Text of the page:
"Crystal is not playing for the next two weeks, she has a thing in her foot that we have to keep an eye on," Auriemma said. "Today was going to be her last game for a while if it didn't respond the way we wanted it to. It was more of a precautionary thing but I think maybe she knew 'I am not going to be playing for a while' because she went out and played today."
When UConn beat UCF for win No. 89 in a row, there was not one question in the post-game press conference asked about the winning streak. Auriemma wasn't as fortunate today as at least half of the questions pertained to the streak. I asked him about how the No. 1 ranked team in college football (Alabama) and men's basketball (Baylor) have lost in the last two days and yet the Huskies roll on.
"Not to minimize any of this but we just try to play really hard every night, we try to play with a lot of energy every night," Auriemma said. "We have players who have bought into over the years that this is the way we are going to play, this is the way we play at Connecticut. This doesn't mean we are going to win every night, this doesn't mean we are going to make every shot or be perfect but this is how we are going to play and you are going to have to play great to beat us generally speaking."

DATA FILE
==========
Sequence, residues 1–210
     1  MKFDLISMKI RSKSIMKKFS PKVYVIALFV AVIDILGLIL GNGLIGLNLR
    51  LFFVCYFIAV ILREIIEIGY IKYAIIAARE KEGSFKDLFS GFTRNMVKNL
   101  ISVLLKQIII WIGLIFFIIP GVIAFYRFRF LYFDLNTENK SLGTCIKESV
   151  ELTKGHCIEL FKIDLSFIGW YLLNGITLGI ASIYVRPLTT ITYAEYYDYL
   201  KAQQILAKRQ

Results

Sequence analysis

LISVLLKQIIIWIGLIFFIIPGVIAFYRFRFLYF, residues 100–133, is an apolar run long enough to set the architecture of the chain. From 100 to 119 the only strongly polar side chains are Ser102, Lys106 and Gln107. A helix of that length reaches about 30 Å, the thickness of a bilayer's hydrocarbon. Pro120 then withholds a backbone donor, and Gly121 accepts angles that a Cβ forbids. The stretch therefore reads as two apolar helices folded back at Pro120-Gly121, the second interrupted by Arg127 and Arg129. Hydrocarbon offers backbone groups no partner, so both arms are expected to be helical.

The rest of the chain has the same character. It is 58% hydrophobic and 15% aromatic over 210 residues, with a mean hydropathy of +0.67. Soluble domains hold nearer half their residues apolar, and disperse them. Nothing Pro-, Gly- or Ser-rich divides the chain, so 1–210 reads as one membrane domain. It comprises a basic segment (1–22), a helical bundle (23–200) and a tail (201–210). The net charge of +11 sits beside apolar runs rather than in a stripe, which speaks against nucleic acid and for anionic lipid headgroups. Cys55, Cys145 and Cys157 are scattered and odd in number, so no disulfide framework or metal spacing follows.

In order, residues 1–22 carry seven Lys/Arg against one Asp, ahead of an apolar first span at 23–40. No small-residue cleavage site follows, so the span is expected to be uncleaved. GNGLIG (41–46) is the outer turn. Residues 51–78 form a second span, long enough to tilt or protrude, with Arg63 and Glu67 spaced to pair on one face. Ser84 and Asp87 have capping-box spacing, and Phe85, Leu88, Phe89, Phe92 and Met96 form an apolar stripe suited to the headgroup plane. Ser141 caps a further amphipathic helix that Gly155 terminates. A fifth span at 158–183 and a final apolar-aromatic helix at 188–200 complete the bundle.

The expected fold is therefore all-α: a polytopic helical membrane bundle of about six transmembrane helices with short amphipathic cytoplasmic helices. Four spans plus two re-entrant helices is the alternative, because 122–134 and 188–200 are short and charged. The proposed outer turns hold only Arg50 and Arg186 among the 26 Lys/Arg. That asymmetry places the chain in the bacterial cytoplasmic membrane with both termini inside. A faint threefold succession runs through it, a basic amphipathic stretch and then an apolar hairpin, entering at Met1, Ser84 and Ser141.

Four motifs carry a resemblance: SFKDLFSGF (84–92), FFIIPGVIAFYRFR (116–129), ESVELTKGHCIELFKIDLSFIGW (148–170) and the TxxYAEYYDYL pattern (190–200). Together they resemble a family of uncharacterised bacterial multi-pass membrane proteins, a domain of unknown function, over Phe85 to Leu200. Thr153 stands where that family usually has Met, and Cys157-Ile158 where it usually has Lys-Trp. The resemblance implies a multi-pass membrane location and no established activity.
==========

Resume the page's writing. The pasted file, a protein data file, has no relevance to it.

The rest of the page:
Auriemma was also asked why this streak didn't generate the same amount of attention from the national media as the first 90-game streak when the Huskies moved by the Division I basketball record 88-game run of the UCLA men's basketball program in the 1970s.
"It is male/female," Auriemma said. "All the people coming out of the woodwork that we weren't UCLA, you are not John Wooden. We don't have any UCLA signs in our gym, I don't have anything in common with Coach Wooden so I never said that, nobody in our program ever said that but it became 'how dare you compare those two.' Now people can just ignore it because it is us trying to beat a UConn record. Perception is 'well ,of course, we are Connecticut and the competition sucks' so I hear all of it. Those players in the locker room they don't buy into any of that, they just know this is who we play and we play better than most people."